It's amazing to think how quickly the past 18 years has gone by and there will always be a funny feeling to the house now; someone is missing. But the trade off is that W has grown into a fine young man, one who can stand on his own two feet and is able to handle whatever comes his way. I'm proud he's turned into such a wonderful person- what more could a parent ask for?

Thursday, October 16, 2008

As She Grows

I had the pleasure of visiting my friend who is taking care of the mom cat and kittens today for an hour today before picking my in-laws up at the airport. How the kittens have changed in just a week! They're very coordinated now, constantly playing with each other and quite fiesty. I was relieved that Gracie seemed more interested in me this week, last week she was incredibly unimpressed with my presence.

The kittens are intrigued by the camera's flash and sit still for pictures, anticipataing the flicker of the light. I was able to get some great photos of them today, in the one above is Gracie and her only brother, whose name is Chester. They are the most adorable little balls of fluff! Joyce is kind enough to let me come over to visit with them frequently and it amazes me how much they change in the matter of just a few days. She'll check with the vet, but hopefully I will be able to bring Gracie home in 3 or 4 weeks. Definitely something to look forward to!

Wednesday, October 15, 2008

Change vs. Transformation

What is it about change? I've never liked it. Give me a routine and I'll happily stick with it for ages. For me, the most unwelcome type of change is one I have no control over, something caused by an oustide situation or someone else. Does this make me a control freak?

My Tuesday evening yoga class is held in a room with a wall of windows on one side, which overlook a lovely garden filled with trees, shrubs, inviting benches and winding paths. Five weeks ago when the class started the sun was shining brightly even as the class ended. Last night it was nearly dark as we were packing up our things. Between the time we lay down in Savasana and when we sat up again, the sun had gone down. During the final moments of the class the teacher asked us to sit and look upon the garden: notice the fall colors of red, orange and yellow, the fading light, and the way nature is preparing for the change of seasons. Only she didn't use the word change; she used the word transformation.

I really love fall, it is truly my favorite of all the seasons here in New England. The weather is at its best: consistently nice temperatures, unlike spring with its raw, chilly winds, up and down temps and rain. We've had a stretch of weather that has been gorgeous for the past couple weeks: 60-70 degrees and sunny, surrounded by the amazing colors of the fall trees. The one drawback to fall is knowing what comes next: the long winter, being stuck indoors and the short days. Seasonal Affective Disorder, anyone? For some reason, knowing this is approaching has always been a damper on fall for me.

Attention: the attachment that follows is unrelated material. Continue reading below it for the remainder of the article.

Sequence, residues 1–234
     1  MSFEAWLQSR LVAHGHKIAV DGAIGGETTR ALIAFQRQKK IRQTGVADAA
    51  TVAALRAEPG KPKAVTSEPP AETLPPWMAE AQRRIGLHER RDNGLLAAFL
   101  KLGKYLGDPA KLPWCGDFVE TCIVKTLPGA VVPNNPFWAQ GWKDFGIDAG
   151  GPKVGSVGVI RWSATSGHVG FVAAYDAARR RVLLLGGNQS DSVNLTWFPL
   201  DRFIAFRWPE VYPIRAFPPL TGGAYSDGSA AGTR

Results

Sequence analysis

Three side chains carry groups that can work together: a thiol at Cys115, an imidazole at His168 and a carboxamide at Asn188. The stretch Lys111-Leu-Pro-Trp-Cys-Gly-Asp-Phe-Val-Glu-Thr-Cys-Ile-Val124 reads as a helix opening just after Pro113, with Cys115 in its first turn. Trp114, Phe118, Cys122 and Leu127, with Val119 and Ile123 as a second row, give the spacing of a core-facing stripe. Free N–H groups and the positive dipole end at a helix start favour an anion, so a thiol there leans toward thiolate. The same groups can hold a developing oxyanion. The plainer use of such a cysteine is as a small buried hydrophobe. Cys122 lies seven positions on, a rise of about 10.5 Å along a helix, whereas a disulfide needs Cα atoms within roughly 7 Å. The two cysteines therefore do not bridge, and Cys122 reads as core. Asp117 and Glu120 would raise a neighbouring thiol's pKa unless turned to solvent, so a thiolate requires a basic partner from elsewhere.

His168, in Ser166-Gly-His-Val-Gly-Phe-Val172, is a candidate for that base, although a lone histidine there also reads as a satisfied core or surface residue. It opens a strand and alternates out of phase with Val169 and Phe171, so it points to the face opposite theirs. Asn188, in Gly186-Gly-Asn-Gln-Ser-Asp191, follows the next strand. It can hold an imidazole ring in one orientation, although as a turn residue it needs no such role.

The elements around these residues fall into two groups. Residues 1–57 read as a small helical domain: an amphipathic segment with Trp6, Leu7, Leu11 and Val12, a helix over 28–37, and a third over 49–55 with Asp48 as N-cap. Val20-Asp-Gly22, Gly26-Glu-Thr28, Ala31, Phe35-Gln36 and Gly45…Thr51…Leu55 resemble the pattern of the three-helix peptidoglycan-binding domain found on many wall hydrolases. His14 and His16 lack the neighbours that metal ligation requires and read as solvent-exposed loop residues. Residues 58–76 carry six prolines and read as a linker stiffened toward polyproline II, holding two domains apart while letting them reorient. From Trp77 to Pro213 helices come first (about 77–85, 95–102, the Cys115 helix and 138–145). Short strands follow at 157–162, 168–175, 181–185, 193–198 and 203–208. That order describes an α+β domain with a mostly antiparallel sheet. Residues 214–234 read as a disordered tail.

Last night, as I sat at the end of yoga class looking upon the vibrant colors of fall, it occurred to me that if I would just enjoy the moment, each hour, each day and not be thinking about what is to come, I'd like fall much better. Its impossible to prevent the change of fall to winter, its a process that must happen each year, just like the changing color of the trees.

I was struck by the word transformation; it has a much more positive connotation for me than the word change. In my mind, transformation is more of a process, not just a singular event, something being different. Each year the trees put on their brilliant show, the gardens die back, the leaves drop and winter comes. Is this change? Yes, but its also transformation, part of a process that must happen in order for spring to come. Instead of fighting the change and dreading the winter, letting it spoil my enjoyment of fall, I need to change my outlook. Clearly, mother nature isn't going to alter her course because I don't like winter! So it's up to me: Stop thinking about what is going to happen in the future and enjoy the nice day in the present!

I was reminded of the Serenity Prayer, something I learned 25 years ago in Sunday school: God, grant me the serenity to accept the things I can not change, the strength to change the things I can and the wisdom to know the difference.

We can't stop the changing of the seasons, but maybe a different outlook, seeing it as a transformation, part of the process will help with the acceptance part.

Tuesday, October 14, 2008


In the landscape of spring, there is neither better nor worse. The flowering branches grow naturally, some long, some short. - Zen saying

Another quote that reminds me to accept things as they are, we are the ones that give the labels "good" or "bad". Things happen as they will and it is not for us to judge, but only to accept the things that we cannot change.